peggy olson

As the President of an agency, it's my responsibility with the support of my management team to ensure that all voices and
my debut novel Copygirl chronicles the (ahem) fictional exploits of a female copywriter trying to beat the boys' club at their own inane game of keep-away. Not unlike Mad Men's Peggy Olson.
The actress tells HuffPost Live that playing Peggy helped her understand feminism.
The last shot we see of Betty, shows her sitting alone at the kitchen table, chain-smoking. Perhaps, what's meant by the
Mary Wells Lawrence, advertising visionary, trailblazer and legend, shares the simple advice that has led her to get everything she has ever wanted: Double Yourself.
Certainly, on a superficial level, we can say that all of the major Mad Men characters journeyed forth through significant life changes. But as much as these characters gained scars and wisdom through their journeys, none of them actually changed over the course of a decade.
Now that Betty's story is literally ending, we see her going back to school -- but it is no coincidence that her efforts for self-fulfillment are going to be cut short.
If you're working your pioneer tush off to survive, then that's what's on your mind, survival. Not, "Hmm, did I remember
Roger Sterling will definitely be one of the favorites of the Mad Men characters missed when the show concludes next year. But also I believe one of the other secondary characters will also be missed, and that is Harry Crane, acted by Rick Sommer.
Why is an episode about victory named after one of the most famous defeats in world history? Is it because the crushing blow to Napoleon proved to be a smashing victory for the British Empire and its allies?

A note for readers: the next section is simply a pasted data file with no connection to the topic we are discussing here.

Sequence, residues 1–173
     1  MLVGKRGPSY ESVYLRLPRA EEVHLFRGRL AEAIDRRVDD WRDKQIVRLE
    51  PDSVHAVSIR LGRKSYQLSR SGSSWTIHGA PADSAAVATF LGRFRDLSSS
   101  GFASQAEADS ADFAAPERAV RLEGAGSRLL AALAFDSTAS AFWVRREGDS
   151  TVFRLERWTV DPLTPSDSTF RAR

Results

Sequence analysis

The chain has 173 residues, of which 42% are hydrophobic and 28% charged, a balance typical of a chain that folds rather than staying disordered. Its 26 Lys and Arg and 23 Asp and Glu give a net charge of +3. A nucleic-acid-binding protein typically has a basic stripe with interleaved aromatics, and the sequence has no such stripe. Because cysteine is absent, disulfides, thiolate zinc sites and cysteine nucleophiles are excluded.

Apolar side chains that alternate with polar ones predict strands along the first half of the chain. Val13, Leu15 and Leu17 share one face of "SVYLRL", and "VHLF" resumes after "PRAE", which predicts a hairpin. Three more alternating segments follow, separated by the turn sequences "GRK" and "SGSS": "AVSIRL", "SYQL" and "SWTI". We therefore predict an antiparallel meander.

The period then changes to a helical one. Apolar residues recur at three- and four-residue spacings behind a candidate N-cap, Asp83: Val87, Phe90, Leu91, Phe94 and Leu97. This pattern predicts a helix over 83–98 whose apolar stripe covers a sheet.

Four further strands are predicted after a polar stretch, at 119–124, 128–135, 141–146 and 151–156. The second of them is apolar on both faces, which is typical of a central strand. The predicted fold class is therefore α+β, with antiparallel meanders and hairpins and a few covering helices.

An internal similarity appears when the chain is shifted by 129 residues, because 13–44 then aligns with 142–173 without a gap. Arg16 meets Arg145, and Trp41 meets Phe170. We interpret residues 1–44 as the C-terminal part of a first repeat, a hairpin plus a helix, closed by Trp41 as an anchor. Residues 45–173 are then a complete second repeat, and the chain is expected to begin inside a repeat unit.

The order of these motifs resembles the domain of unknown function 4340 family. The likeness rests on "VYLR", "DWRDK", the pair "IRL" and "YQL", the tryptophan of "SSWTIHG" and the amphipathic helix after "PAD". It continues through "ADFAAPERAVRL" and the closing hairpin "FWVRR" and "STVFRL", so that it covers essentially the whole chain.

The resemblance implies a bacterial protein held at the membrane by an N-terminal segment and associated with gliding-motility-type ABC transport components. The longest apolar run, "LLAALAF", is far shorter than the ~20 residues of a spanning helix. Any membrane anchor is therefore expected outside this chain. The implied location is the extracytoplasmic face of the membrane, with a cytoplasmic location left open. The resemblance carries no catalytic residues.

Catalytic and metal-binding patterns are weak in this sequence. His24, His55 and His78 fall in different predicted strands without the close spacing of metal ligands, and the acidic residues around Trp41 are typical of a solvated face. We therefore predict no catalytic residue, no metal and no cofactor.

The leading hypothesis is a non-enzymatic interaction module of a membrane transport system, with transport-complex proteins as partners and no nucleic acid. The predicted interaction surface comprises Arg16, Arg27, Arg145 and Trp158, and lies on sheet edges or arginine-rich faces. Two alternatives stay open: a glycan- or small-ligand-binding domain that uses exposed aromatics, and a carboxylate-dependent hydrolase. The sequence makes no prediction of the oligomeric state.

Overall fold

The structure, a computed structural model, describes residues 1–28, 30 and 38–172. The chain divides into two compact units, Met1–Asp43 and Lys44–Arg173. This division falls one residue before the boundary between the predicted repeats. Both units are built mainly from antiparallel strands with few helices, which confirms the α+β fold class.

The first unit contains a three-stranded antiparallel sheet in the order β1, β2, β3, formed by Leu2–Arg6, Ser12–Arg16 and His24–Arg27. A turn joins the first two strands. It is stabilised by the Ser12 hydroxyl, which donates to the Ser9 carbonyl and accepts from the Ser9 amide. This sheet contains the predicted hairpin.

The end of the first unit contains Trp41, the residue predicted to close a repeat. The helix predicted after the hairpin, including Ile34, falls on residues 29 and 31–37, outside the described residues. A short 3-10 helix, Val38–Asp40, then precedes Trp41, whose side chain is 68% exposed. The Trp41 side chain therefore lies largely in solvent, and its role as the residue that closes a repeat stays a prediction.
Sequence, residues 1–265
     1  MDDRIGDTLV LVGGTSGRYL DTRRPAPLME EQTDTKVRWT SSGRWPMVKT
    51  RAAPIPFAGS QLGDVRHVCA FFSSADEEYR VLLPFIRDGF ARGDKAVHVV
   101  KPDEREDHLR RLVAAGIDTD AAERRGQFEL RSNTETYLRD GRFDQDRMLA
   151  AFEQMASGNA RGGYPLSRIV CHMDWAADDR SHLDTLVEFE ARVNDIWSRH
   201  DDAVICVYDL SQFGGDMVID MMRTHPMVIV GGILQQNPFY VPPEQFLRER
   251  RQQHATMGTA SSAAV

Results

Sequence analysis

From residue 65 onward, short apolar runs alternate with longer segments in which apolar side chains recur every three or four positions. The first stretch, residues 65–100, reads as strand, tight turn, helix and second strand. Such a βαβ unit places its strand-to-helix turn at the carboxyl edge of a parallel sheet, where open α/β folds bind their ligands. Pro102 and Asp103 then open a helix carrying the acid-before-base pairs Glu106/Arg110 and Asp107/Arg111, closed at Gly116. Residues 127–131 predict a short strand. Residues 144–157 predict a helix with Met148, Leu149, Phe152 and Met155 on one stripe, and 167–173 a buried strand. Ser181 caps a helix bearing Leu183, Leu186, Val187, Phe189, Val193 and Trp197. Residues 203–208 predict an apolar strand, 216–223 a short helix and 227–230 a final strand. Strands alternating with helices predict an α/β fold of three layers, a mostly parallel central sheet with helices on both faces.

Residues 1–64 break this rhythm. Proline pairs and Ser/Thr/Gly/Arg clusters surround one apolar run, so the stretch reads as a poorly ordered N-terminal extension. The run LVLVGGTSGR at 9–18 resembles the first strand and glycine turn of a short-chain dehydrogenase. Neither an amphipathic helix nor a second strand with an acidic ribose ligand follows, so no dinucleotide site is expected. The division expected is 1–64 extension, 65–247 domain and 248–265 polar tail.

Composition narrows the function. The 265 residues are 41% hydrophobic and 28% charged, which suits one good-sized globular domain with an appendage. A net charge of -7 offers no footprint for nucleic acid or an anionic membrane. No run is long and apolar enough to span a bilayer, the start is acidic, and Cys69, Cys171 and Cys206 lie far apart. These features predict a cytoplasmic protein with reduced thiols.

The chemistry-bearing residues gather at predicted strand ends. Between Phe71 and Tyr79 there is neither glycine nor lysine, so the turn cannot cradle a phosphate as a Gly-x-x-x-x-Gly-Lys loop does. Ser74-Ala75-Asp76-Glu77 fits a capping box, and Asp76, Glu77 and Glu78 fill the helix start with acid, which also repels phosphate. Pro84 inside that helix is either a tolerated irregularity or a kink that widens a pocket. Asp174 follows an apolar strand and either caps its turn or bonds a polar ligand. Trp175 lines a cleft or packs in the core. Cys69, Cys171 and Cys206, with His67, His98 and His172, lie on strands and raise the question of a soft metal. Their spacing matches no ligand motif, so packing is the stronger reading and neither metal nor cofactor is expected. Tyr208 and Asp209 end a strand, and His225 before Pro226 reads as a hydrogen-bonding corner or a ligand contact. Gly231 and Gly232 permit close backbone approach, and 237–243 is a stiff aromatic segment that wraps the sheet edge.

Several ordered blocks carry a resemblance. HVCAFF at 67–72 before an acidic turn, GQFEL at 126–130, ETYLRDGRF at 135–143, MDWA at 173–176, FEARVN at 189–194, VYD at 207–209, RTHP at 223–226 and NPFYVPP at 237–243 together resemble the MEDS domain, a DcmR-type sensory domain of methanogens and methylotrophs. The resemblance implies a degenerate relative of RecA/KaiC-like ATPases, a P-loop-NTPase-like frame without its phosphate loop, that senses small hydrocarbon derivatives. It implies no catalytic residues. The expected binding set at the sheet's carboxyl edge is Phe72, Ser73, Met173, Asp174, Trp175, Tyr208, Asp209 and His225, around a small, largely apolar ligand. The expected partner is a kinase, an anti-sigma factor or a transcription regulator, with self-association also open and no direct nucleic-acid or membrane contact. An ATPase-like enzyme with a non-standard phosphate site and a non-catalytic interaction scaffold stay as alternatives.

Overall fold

Women rarely admit our ambitions out loud not only because we fear failure -- a fear we share with our male counterparts -- but because wanting to succeed might make us seem less feminine. That's the tricky part.
"The Strategy," Mad Men's penultimate episode of 2014, was a very important episode about work and relationships. And in the best tradition of Mad Men, it showed that, for these folks, the most important relationships revolve around work while the best work is about relationships.
Don Draper continued his move toward redemption and re-emergence as a career success in the latest episode of Mad Men, the more than a little bizarre "The Runaways." But as one brilliant talent continued in a positive direction, another careened precipitously into emotional collapse.
As Mad Men nears the close of its final season's first half, much of the discussion surrounding it has morphed into a rhetorical echo chamber: Does it deserve the hype?
It's not exactly a stretch to say that the episode is structured in three parts to show Don's past with his first wife demonstrating why she remains stuck in an untenable child-like mode, his present with his second wife and why her unstable situation is untenable for him, and his hoped-for future at his past employer Sterling Coo.
But that big wheel in the sky keeps on turning, and the calendar keeps on flipping back around, and the whole great circle